The Crash and the Cash

I guess it’s difficult this week to not notice that the world’s banks are collapsing. And as usual they threaten to take us all with them.

There are many views of this current crisis, and most of them propounded by pastel shirt-wearing experts on news programs. And most of these views tend to be the same.

And then there is the view held by my favourite muck-stirrer, Mr George Monbiot. In fine fighting style, Mr. Monbiot explains just why this, the latest example of massive state intervention in so-called liberal and capitalist economies, should be seen for what it is – an attempt to prop up a broken system with other people’s money.

Recirculating US tax-payers money into the hands of the powerful and wealthy is not a new thing, as Mr. Monbiot points out. To quote a chunk of his article:

…the richest 10% of subsidised farmers took 66% of the payouts. Every few years, Congress or the administration promises to stop this swindle, then hands even more state money to agribusiness. The farm bill passed by Congress in May guarantees farmers a minimum of 90% of the income they’ve received over the past two years, which happen to be among the most profitable they’ve ever had. The middlemen do even better, especially the companies spreading starvation by turning maize into ethanol, which are guzzling billions of dollars’ worth of tax credits.

Slivinski shows how the federal government’s Advanced Technology Program, which was supposed to support the development of technologies that are “pre-competitive” or “high risk”, has instead been captured by big businesses flogging proven products. Since 1991, companies such as IBM, General Electric, Dow Chemical, Caterpillar, Ford, DuPont, General Motors, Chevron and Monsanto have extracted hundreds of millions from this programme. Big business is also underwritten by the Export-Import Bank: in 2006, for example, Boeing alone received $4.5bn in loan guarantees.

The US, the world’s leading proponent of “open markets” and “minimised state control” is, to put it simply, full of crap. Public money, in the form of “incentives” and “grants” and “subsidies”, greases the wheels and is used to prop up grossly inefficiently industries and companies. American farmers, like their cousins in Europe, probably haven’t tuned a real profit in decades but have more than enough political clout to keep the cash flowing in their direction.

To quote Mr. Monbiot once more: “There is not and has never been a free market in the US.”

Personally I have confidence that a transparent and open global economy is definitely the way to go. Globalise away, baby – incentives work, and greed is definitely an incentive like any other. Unfortunately the current global economy is protectionist, inefficient and dangerously liable to break down at any time, if it were not for vast amounts of tax payers cash.

So yes, global capitalism as preached by every world leader would work well enough except for the fact that:

  1. Nobody actually does it
  2. The people with the real clout don’t want us to do it, and never will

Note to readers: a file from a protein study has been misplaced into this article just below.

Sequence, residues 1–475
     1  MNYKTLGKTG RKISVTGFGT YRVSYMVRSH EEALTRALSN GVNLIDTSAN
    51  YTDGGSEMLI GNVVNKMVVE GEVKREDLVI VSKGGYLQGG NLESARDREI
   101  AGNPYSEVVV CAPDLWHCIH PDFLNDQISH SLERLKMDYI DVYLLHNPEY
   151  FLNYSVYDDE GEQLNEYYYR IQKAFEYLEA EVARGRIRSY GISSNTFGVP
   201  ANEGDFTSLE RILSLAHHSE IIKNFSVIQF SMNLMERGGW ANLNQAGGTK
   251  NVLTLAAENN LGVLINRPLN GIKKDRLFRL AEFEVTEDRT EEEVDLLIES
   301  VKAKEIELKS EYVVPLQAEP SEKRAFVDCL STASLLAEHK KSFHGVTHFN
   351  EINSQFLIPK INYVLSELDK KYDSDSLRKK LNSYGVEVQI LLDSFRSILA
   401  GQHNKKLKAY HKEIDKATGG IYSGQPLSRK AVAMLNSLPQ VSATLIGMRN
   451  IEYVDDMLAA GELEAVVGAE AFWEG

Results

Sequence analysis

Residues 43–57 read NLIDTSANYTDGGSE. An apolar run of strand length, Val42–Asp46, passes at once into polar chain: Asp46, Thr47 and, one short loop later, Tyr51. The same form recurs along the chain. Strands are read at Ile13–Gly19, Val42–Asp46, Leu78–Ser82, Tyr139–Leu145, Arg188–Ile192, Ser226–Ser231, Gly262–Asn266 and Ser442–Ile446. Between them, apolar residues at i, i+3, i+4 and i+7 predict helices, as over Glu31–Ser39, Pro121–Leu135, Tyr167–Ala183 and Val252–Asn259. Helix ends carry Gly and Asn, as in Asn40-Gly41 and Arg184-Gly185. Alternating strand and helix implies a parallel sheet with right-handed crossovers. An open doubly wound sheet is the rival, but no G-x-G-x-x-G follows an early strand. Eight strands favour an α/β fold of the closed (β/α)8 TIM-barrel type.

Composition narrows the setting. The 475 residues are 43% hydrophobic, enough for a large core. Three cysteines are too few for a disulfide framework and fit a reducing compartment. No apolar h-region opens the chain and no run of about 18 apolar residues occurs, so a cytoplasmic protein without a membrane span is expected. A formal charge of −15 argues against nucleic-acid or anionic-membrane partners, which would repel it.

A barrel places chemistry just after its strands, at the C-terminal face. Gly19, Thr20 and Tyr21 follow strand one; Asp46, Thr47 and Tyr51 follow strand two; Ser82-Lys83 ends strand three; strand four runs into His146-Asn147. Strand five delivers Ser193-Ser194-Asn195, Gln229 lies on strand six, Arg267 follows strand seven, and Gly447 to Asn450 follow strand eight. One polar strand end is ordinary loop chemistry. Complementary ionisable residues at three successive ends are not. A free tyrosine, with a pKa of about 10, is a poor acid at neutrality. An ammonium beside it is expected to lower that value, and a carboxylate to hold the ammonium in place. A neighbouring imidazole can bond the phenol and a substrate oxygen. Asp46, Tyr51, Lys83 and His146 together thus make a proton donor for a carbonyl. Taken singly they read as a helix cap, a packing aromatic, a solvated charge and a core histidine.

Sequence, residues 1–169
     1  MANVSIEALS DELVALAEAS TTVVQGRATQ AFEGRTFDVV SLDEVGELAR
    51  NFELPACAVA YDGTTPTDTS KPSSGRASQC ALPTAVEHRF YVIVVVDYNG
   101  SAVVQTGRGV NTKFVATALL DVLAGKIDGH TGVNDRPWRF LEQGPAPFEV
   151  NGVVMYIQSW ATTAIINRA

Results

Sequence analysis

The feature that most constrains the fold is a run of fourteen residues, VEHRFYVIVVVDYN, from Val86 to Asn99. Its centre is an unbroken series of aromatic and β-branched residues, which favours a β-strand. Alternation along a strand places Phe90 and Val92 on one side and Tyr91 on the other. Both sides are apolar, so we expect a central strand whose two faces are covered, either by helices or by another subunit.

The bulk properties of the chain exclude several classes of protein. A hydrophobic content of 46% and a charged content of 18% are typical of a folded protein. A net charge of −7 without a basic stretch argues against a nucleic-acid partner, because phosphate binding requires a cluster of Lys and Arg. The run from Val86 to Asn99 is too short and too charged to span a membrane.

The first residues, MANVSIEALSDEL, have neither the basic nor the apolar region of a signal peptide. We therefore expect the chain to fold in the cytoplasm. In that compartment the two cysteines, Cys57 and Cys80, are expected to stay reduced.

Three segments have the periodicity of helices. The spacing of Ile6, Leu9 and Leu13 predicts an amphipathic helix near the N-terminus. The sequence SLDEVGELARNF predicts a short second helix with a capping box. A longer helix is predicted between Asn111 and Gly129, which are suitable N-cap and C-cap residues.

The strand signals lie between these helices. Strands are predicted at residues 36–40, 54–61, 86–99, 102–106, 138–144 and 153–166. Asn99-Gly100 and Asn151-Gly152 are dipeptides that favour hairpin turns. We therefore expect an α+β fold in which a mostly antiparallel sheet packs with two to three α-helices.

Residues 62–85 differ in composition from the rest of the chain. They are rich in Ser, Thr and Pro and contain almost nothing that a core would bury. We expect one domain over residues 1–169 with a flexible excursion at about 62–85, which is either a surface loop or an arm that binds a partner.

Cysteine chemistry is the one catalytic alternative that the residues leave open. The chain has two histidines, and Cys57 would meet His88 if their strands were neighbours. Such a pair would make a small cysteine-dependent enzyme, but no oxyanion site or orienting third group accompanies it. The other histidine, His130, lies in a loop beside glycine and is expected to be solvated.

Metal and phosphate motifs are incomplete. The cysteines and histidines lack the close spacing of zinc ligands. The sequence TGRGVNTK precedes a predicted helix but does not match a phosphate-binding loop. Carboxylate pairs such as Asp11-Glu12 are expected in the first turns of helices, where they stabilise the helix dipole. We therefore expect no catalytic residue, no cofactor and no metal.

So I guess we’ll just have to shove our hands deep in our pockets and save those banks again. Or else start buying gold and shotguns.

/ paddy

21 thoughts on “The Crash and the Cash

  1. Off topic: Blimey! What’s that lamp-post made of? Do you know how fast you have to be driving a Porsche to make that sort of nick in the front end?

    Apres nous, le deluge, and all that.


  2. ladyfi: We should make money from rice-paper so it can be eaten in times of need.

    Aphra: Kryptonite..?

    Martin: Ah. Yes. Heh heh. Good that somebody is paying attention.

  3. Paddy I agree in general but not in some specifics. The Free Market doesn’t exist and therefore it doesn’t work. What masquerades as a ‘free’ market is controlled and regulated by the richest to enure they get richer. But it ends up like a gigantic pyramid scheme. Eventually it has to collapse and that is what is happening now. The problem is the rich can afford the collapse – the rest of us can’t.

    Check out ‘The Shock Doctrine’ by Naomi Klein.

    Not to be sensationalist but this is the kind of event that leads to wars (civil and international), revolutions and general mayhem.

    PS. Aphra Behn – its a Ferrari!

  4. Paddy, the thing you’re talking about is a very bad thing of course, but as far as I can see it’s not the same thing as the bank crisis.

    If I understand correctly, the banks and loaning institutes were lending out money to people who couldn’t be expected to afford to pay back unless the economy would go on upwards for decades and decades. Which the banks should have realised… They took risks they shouldn’t have, wether they realized it and didn’t care or did it really deliberately, and a lot of loan-takers were fooled.

    That is not the same as tricking the authorities into giving you money from grants and the like. (There is a word for it, but I have to go through my back issues of _MAD_ to find it…) That goes no matter how poor the grant-taker is.

    These two are both bad things, but they are not the same, and what’s more, they are not mutually exclusive in that both can happen in the same year. I suspect that those who intend to do something about this mess will have to see that difference to be able to do something effective about it.


  5. In Sweden, when we want to take a bankloan there are some loan conditions, you know. You have to have a certain income and its on your head til you pay it back to the bank, no matter making profit on the property or not. In Us the bank owns the property if you cant pay back. So you can turn in your house and get rid of the loan. So trailer trash and rednex people have destroyed the economy. Despite our system in Sweden, lots of people could borrow money form credit institutions, interest 2,9 %. I feel so sorry for theose people now ( 2 milj SEK for a singel household and you cant sll your appartment with profit) and for out economy as well.